On October 5, 1966, the Special Intergovernmental Conference on the Status of Teachers in Paris, France, was closed and the “Recommendation concerning the Status of Teachers” was signed by representatives of UNESCO and International Labour Organization. On October 12, 1997, the 29th session of UNESCO’s General Conference was opened. During this conference, on November 11, 1997, the “Recommendation concerning the Status of Higher Education Teaching Personnel” was adopted.
Teaching plays a pivotal role in ensuring delivery of the internationally recognized 4th Sustainable Development Goal to ensure quality education for all by 2030. This goal cannot be achieved without teachers. The profession needs to recruit 69 million new teachers to meet the 2030 deadline. In Sub-Saharan Africa, the shortage of teachers affects 70% of countries overall and 90% of countries at the secondary level.
In a joint message for the Day, the heads of UNESCO, the International Labour Organization (ILO), UNICEF, the United Nations Development Programme (UNDP), and Education International, caution that, “without a new generation of motivated teachers, millions of learners will miss out, or continue to miss out, on their right to a quality education. With teachers being underpaid and undervalued, attracting and retaining talent is a challenge. Attrition rates are rising rapidly worldwide, due in part to precarious employment and scarce opportunities for continuous professional development. Furthermore, there is a lack of resources for children with special education needs and disabilities, refugees and multilingual pupils.”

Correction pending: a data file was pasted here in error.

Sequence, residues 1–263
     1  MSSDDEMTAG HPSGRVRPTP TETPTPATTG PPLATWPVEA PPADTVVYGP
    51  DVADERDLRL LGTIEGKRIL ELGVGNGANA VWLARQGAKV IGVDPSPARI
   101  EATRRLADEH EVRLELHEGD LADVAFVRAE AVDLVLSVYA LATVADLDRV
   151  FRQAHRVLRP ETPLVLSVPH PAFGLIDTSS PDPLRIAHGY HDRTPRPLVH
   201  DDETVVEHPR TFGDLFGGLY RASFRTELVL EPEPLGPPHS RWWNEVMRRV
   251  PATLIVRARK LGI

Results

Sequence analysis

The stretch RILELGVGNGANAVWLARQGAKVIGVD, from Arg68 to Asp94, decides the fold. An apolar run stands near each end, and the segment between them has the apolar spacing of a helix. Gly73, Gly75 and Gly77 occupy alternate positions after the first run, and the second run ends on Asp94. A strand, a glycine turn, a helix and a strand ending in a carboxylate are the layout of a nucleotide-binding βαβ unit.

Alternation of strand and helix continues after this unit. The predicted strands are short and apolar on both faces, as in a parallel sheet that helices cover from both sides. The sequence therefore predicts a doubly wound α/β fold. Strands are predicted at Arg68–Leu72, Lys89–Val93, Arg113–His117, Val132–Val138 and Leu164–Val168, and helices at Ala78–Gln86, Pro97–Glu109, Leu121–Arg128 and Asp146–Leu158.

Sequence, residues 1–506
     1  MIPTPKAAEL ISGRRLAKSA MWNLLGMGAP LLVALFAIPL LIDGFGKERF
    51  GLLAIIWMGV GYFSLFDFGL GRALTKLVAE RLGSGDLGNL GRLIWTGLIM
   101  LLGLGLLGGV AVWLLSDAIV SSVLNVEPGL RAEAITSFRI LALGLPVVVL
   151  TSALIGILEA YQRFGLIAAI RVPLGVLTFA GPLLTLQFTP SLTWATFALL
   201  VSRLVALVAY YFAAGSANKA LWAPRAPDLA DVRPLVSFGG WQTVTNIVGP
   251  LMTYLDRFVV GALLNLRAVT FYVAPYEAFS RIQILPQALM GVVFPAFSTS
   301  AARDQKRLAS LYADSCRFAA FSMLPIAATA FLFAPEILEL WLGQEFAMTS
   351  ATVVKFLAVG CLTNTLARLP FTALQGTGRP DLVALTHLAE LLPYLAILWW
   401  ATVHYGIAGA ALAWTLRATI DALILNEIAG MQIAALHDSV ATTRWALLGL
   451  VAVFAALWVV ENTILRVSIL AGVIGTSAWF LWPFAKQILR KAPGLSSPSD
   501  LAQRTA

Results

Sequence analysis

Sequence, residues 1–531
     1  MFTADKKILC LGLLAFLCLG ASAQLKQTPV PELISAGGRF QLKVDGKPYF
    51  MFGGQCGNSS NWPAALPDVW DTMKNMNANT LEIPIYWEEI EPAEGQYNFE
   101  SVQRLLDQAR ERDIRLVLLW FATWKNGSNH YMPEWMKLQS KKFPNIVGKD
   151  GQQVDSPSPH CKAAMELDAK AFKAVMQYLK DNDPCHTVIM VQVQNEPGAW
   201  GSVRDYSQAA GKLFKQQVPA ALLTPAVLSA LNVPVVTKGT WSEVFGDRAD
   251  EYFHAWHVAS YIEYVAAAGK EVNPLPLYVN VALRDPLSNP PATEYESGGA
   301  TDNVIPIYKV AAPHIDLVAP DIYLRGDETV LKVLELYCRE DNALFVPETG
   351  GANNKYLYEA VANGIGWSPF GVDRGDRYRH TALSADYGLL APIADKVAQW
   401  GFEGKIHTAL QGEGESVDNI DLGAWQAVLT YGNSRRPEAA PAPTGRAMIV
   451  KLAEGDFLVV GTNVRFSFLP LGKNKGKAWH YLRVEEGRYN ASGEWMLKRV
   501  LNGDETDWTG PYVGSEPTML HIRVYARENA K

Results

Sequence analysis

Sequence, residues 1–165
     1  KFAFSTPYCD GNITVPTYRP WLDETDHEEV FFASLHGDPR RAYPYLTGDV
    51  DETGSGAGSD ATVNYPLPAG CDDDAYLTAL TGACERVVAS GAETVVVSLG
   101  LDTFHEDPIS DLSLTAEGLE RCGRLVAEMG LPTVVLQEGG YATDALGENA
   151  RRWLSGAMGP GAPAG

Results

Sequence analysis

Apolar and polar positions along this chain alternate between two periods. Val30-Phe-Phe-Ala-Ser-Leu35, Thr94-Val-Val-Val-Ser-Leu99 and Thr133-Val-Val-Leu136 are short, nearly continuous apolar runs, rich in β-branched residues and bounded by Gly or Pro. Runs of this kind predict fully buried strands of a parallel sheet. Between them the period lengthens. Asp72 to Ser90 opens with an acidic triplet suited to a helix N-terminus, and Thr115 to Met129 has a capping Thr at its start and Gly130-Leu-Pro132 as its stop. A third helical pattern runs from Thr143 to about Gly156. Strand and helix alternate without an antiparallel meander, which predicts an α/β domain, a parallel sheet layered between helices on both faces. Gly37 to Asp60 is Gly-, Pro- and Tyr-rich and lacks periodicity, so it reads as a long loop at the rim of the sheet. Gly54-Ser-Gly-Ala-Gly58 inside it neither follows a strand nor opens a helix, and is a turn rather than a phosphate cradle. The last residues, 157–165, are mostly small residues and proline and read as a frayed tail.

After the launch by UNESCO’s Futures of Education initiative at the United Nations General Assembly in New-York in September to engage a global re-thinking of education, UNESCO Director-General Audrey Azoulay is calling on governments to ensure that teaching can become a profession of choice for young people, dedicating World Teacher’s Day 2019 to Young teachers: the future of the profession.